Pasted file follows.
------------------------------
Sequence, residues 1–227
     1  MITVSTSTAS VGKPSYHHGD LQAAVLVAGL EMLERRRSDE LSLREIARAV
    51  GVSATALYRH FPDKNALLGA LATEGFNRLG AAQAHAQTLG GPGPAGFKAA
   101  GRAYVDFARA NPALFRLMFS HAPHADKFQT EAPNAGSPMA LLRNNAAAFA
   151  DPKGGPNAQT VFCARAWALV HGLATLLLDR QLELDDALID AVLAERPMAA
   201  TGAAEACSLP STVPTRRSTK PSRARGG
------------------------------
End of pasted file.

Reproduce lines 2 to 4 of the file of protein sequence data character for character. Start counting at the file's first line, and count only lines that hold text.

     1  MITVSTSTAS VGKPSYHHGD LQAAVLVAGL EMLERRRSDE LSLREIARAV
    51  GVSATALYRH FPDKNALLGA LATEGFNRLG AAQAHAQTLG GPGPAGFKAA
   101  GRAYVDFARA NPALFRLMFS HAPHADKFQT EAPNAGSPMA LLRNNAAAFA